The rotor is stabilized in all of its six degrees of freedom. One degree is governed by the electric motor. Minimally, this degree must be stabilized electronically (or by a diamagnetic material, which is too unstable to be used in a precision pump bearing). Another way (ignoring losses in magnetic cores at high frequencies) is to construct this bearing as an axis with a sphere at each end. These spheres are inside hollow static spheres. On the surface of each sphere is a checkerboard pattern of inwards and outwards going magnetic field lines. As the checkerboard pattern of the static spheres is rotated, the rotor rotates. In this construction no axis is made stable on the cost of making another axis unstable, but all axes are neutral and the electronic regulation is less stressed and will be more dynamically stable. Hall effect sensors can be used to sense the rotational position and the other degrees of freedom can be measured capacitively.
At atmospheric pressure, the mean free path of air is about 70 nm. A turbomolecular pump can work only if those molecules hit by the moving blades reach the stationary blades before colliding other molecules on their way. To achieve that, the gap between moving blades and stationary blades must be close to or less than the mean free path. From a practical construction standpoint, a feasible gap between the blade sets is on the order of 1 mm, so a turbopump will stall (no net pumping) if exhausted directly to the atmosphere. Since the mean free path is inversely proportional to pressure, a turbopump will pump when the exhaust pressure is less than about 10 Pa (0.10 mbar) where the mean free path is about 0.7 mm.
Most turbopumps have a Holweck pump (or molecular drag pump) as their last stage to increase the maximum backing pressure (exhaust pressure) to about 1-10 mbar. Theoretically, a centrifugal pump, a side channel pump, or a regenerative pump could be used to back to atmospheric pressure directly, but currently there is no commercially available turbopump that exhausts directly to atmosphere. In most cases, the exhaust is connected to a mechanical backing pump (usually called roughing pump) that produces a pressure low enough for the turbomolecular pump to work efficiently. Typically, this backing pressure is below 0.1 mbar and commonly about 0.01 mbar. The backing pressure is rarely below 10-3 mbar (mean free path ≈ 70 mm) because the flow resistance of the vacuum pipe between the turbopump and the roughing pump becomes significant.
The turbomolecular pump can be a very versatile pump. It can generate many degrees of vacuum from intermediate vacuum (~10−2 Pa) up to ultra-high vacuum levels (~10−8 Pa).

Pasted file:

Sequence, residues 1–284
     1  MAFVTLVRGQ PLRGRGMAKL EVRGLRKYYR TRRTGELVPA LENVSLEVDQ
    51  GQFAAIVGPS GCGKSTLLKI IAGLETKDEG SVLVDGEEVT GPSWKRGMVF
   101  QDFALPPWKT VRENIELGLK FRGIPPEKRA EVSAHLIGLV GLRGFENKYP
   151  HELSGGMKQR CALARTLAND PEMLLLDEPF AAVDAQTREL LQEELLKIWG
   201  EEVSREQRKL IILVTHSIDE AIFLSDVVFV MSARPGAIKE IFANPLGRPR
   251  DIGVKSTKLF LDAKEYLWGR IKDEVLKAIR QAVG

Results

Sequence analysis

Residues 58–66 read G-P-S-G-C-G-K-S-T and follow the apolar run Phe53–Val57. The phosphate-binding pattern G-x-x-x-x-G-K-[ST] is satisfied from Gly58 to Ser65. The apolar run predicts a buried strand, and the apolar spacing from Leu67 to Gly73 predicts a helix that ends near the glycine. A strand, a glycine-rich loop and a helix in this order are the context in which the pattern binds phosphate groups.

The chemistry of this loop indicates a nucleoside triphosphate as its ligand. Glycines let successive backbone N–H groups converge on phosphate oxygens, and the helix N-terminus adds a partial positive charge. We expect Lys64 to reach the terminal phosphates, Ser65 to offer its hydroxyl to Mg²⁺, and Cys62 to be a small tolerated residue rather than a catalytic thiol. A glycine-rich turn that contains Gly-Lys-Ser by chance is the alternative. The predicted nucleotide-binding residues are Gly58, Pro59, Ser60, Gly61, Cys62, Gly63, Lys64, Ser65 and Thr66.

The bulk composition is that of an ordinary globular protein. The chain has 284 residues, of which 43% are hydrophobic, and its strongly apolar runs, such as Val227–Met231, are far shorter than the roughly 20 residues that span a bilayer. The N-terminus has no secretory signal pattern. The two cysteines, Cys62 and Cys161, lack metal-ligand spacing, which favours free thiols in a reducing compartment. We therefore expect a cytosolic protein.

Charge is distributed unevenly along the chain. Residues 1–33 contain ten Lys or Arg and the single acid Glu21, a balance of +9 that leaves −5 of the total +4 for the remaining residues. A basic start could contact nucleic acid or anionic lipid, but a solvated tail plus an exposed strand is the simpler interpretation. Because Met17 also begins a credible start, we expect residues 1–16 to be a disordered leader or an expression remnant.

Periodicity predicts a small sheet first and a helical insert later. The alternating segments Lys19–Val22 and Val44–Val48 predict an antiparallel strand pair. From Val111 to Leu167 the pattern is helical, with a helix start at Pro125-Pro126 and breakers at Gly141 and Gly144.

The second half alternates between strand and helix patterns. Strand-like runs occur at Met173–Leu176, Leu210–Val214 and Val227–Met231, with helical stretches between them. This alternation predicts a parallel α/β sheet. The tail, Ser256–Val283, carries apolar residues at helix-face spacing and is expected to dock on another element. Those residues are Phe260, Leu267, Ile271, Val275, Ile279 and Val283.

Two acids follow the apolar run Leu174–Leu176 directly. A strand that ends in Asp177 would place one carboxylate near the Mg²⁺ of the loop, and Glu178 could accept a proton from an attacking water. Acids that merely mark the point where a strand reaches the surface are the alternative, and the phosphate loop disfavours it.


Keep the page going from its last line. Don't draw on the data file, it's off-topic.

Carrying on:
Multiple turbomolecular pumps in a lab or manufacturing-plant can be connected by tubes to a small backing pump. Automatic valves and diffusion pump like injection into a large buffer-tube in front of the backing pump prevents any overpressure from one pump to stall another pump.
Laws of fluid dynamics do not provide good approximations for the behavior of individual, highly separated, non-interacting gas molecules, like those found in high vacuum environments. The maximum compression varies linearly with circumferential rotor speed. In order to obtain extremely low pressures down to 1 micropascal, rotation rates of 20,000 to 90,000 revolutions per minute are often necessary. Unfortunately, the compression ratio varies exponentially with the square root of the molecular weight of the gas. Thus, heavy molecules are pumped much more efficiently than light molecules. Most gases are heavy enough to be well pumped but it is difficult to pump hydrogen and helium efficiently.
An additional drawback stems from the high rotor speed of this type of pump: very high grade bearings are required, which increase the cost.
Because turbomolecular pumps only work in molecular flow conditions, a pure turbomolecular pump will require a very large backing pump to work effectively. Thus, many modern pumps have a molecular drag stage such as a Holweck or Gaede mechanism near the exhaust to reduce the size of backing pump required.
The turbomolecular pump was invented in 1958 by Becker, based on the older molecular drag pumps developed by Gaede in 1913, Holweck in 1923 and Siegbahn in 1944.
- John F. O'Hanlon (4 March 2005). A User's Guide to Vacuum Technology. John Wiley & Sons. pp. 385–. ISBN 978-0-471-46715-1.
- Marton, Kati (18 January 1980). Vacuum Physics and Technology. Academic Press. pp. 247–. ISBN 978-0-08-085995-8.
- Robert M. Besançon, ed. (1990). "Vacuum Techniques". The Encyclopedia of Physics (3rd ed.). Van Nostrand Reinhold, New York. pp. 1278–1284. ISBN 0-442-00522-9.